It is nearly impossible to describe the dairy plant erected to serve as a model for Southeast Missouri. The barn is the main feature and it us a building that is as modern and perfect as money will provide. It has a great concrete silo at the north end that is filled. The tremendous loft is filled with pea hay that was raised on the farm and the special bins for grain feed are filled so there is feed enough on hand to carry the herd through the winter.
The barn has a concrete floor and is especially arranged for sanitary purposes. A track circles the ceiling which carries a large metal container. When this is filled with refuse, its weight carries it to a concrete dumping bin out in the lot away from the barn and when it stops suddenly, it is dumped and forced back into the barn through its own power.
The feed is delivered to the cows in trucks which get the grain through troughs leading from the loft. The windows let down from the top so the wind does not blow directly over the animals and are screened. In each corner of the barn is a vent to carry away the foul air.
To care for milk
Between the barn and the beautiful modern bungalow in which Mr. Willer and his family life, is a milk house. This is a frame building set on a concrete foundation. The basement of the building is over the deep well and will contain the water tank. An electric pump will automatically keep the tank filled with water and compressed air. This milk house will have all facilities for properly caring for the products.
To make the plant more complete a machinery house is provided for the Fordson tractor and other implements, a chicken house with every modern convenience, a hog house of the same character and then a small hospital building set away from the other buildings completes the outfit. It was necessary to have a special electric line built from the city limits to the barn.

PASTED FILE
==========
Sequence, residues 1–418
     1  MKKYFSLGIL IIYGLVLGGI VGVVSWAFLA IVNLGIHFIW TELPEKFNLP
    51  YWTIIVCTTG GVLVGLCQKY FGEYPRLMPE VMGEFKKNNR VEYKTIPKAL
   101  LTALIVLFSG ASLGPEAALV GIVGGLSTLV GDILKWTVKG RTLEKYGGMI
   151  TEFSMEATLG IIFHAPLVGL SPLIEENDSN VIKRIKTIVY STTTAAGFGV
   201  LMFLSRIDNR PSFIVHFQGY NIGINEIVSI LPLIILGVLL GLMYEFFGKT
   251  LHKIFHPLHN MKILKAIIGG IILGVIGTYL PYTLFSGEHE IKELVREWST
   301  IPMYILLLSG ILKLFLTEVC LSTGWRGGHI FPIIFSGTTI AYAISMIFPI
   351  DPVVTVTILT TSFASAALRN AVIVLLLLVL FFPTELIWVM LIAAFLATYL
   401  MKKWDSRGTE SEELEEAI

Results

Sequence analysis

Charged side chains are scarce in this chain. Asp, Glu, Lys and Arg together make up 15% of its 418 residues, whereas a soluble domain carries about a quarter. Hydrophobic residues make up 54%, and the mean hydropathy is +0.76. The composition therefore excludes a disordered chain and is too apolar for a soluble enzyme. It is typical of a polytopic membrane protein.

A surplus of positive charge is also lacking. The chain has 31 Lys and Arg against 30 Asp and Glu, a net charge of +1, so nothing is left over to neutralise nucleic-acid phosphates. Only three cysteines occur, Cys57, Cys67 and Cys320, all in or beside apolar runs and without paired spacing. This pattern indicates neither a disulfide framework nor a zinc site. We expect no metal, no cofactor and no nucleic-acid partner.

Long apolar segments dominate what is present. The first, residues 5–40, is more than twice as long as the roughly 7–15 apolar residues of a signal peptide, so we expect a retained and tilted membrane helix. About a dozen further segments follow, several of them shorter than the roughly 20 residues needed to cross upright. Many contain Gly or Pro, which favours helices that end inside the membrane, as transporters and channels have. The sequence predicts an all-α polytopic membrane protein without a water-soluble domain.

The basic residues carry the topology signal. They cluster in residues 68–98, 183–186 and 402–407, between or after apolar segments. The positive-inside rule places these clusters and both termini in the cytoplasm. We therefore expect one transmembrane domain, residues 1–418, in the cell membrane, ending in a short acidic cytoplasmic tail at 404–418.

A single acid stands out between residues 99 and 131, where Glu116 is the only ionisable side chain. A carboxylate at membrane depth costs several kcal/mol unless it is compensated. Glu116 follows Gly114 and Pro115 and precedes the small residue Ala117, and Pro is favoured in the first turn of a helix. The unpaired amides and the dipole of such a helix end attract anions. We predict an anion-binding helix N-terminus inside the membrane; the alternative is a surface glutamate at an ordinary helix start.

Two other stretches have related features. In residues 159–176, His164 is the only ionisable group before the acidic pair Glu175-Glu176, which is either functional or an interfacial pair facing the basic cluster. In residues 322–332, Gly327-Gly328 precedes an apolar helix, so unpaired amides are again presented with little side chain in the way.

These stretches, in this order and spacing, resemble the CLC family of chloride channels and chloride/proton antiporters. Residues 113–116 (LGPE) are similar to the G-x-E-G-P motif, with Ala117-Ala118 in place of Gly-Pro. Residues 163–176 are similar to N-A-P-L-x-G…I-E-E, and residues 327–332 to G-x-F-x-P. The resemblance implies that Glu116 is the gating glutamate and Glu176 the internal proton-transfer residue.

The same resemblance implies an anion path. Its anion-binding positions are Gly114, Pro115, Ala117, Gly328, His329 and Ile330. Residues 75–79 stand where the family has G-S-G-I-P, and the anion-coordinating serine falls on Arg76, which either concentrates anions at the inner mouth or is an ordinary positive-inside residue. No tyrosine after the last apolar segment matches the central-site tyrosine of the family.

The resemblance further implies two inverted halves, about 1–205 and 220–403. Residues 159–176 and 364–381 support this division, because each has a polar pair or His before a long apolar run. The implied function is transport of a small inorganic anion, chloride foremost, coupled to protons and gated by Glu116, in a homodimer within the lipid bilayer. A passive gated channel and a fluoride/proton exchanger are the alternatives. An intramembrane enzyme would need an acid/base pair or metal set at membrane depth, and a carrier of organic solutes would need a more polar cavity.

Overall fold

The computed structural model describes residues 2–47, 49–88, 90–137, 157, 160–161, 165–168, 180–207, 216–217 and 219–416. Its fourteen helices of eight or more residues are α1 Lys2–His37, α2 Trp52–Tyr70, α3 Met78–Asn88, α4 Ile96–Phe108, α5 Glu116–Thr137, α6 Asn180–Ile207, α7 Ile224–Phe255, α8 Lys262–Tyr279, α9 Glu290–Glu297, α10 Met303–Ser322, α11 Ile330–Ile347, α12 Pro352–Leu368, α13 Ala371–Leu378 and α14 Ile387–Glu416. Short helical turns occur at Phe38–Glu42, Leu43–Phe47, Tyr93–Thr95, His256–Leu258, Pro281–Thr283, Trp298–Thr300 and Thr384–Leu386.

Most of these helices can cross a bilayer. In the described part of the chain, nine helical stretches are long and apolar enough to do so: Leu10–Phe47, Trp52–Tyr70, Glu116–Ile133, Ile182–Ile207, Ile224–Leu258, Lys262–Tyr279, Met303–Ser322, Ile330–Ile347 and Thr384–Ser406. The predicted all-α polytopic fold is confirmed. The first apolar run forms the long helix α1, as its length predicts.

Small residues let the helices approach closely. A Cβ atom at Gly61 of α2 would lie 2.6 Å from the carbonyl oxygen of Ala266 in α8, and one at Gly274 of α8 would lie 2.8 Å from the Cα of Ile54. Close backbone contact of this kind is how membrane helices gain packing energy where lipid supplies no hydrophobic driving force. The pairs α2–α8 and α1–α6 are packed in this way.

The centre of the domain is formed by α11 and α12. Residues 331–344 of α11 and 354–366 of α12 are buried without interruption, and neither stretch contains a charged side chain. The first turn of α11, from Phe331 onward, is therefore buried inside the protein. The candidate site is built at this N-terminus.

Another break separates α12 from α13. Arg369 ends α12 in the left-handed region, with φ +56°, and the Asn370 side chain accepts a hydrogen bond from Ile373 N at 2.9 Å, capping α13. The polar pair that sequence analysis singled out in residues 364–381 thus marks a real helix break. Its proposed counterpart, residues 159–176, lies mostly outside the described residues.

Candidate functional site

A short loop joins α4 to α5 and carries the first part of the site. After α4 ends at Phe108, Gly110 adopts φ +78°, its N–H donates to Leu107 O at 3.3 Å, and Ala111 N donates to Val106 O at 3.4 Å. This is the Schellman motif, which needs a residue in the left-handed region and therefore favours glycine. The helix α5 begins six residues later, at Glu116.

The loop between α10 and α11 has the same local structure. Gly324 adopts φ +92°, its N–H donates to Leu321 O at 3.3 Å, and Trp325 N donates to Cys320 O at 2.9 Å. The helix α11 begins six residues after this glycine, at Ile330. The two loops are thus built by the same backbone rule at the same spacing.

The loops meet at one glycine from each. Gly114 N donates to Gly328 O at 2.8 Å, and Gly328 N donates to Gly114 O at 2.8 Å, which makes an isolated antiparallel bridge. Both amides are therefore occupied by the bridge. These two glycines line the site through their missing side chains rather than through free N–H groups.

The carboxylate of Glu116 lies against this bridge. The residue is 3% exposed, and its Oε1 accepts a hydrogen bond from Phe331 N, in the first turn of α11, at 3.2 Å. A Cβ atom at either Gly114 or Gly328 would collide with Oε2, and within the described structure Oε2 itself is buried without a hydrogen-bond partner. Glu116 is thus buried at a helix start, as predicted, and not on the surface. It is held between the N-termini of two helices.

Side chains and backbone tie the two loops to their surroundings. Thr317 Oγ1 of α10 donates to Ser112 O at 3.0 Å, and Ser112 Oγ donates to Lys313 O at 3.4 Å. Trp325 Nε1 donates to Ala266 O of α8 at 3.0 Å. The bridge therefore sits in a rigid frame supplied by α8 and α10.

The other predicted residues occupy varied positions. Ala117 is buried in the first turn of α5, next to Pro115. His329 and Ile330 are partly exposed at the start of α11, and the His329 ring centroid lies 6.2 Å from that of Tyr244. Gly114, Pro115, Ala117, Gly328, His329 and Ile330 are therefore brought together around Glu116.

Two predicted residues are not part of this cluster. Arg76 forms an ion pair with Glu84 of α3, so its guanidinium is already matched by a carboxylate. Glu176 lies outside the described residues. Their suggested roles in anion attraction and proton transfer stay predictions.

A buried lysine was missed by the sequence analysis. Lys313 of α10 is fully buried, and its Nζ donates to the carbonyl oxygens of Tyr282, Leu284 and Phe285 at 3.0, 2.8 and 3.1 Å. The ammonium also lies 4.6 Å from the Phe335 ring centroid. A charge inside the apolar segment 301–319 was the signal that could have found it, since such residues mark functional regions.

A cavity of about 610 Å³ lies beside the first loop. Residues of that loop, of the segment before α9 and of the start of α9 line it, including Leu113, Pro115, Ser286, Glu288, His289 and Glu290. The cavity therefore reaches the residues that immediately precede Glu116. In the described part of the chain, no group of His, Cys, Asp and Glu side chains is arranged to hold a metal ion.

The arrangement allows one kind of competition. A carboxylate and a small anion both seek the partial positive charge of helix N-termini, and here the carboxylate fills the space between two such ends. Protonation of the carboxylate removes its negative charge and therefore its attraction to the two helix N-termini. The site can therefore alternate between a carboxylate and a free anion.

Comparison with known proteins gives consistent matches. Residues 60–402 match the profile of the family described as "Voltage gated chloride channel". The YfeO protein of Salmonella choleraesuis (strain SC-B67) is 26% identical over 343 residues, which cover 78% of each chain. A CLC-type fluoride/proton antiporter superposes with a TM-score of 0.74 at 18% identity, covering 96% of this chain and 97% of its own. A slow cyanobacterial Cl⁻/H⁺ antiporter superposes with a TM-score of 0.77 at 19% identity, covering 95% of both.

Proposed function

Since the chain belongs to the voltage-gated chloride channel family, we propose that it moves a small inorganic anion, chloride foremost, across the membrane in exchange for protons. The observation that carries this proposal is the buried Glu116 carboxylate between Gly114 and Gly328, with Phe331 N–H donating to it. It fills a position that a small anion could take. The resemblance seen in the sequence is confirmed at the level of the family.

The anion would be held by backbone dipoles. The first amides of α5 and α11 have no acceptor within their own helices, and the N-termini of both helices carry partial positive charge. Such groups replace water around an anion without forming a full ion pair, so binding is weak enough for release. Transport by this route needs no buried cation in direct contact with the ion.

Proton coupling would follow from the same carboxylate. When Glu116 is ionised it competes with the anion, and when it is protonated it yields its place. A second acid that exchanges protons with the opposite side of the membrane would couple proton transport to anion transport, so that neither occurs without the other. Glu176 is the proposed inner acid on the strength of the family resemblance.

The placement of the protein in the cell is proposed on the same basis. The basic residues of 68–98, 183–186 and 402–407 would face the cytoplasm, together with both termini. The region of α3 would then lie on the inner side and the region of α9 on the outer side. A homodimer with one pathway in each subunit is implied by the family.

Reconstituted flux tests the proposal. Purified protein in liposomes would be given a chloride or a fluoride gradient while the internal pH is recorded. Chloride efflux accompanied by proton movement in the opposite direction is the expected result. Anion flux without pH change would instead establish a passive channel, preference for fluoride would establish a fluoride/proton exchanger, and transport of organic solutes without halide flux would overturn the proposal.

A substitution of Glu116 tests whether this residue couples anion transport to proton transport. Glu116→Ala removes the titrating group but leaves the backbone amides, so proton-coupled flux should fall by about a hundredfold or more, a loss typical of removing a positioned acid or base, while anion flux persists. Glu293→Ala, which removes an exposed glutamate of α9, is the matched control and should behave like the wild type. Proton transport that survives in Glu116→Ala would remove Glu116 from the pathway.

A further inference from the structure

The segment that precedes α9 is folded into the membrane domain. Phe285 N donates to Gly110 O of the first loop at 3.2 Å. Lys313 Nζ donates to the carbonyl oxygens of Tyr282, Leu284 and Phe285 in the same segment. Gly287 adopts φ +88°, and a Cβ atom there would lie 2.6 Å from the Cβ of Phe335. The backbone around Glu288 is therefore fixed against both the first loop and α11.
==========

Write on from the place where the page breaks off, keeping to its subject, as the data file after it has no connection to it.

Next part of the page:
As much attention has been given to the farm as to the buildings, and before spring arrives every fence, walk, etc., will be perfect. Mr. Miller has not wasted any money on ornaments or "gingerbread" work but has tried to make his place a model for practical work.
Just as soon as the water system is installed, which probably be within the next two weeks, the place will be complete and then will be ready for inspection.
On April 28, 1928, Miller, who was getting along in years, sold his ice cream plant to Midwest Dairy, and in 1935 he disposed of his Guernsey herd. At the time it was said he was being forced out of business because of high operating costs. But he retained ownership of the farm.
Isaiah Ben Miller passed away Feb. 19, 1938, having been critically ill only a few hours.
The farm went through several hands after his death. Finally, in the mid-1960s it was purchased by Loy Crites and Charles N. Harris for development. In 1967 the "cow palace" and the other farm buildings were razed to make way for an apartment complex.
Published April 28, 1966: These buildings on the old I. Ben Miller farm, North Sprigg and Bertling streets, are being razed to make way for a new residential area of the city's north side. The farm was most recently used as a dairy farm by the Schonhoff family and has been purchased by Loy Crites and Charles N. Harris for development. Streets will be constructed through the 45-acre tract, it was reported. (Southeast Missourian archive)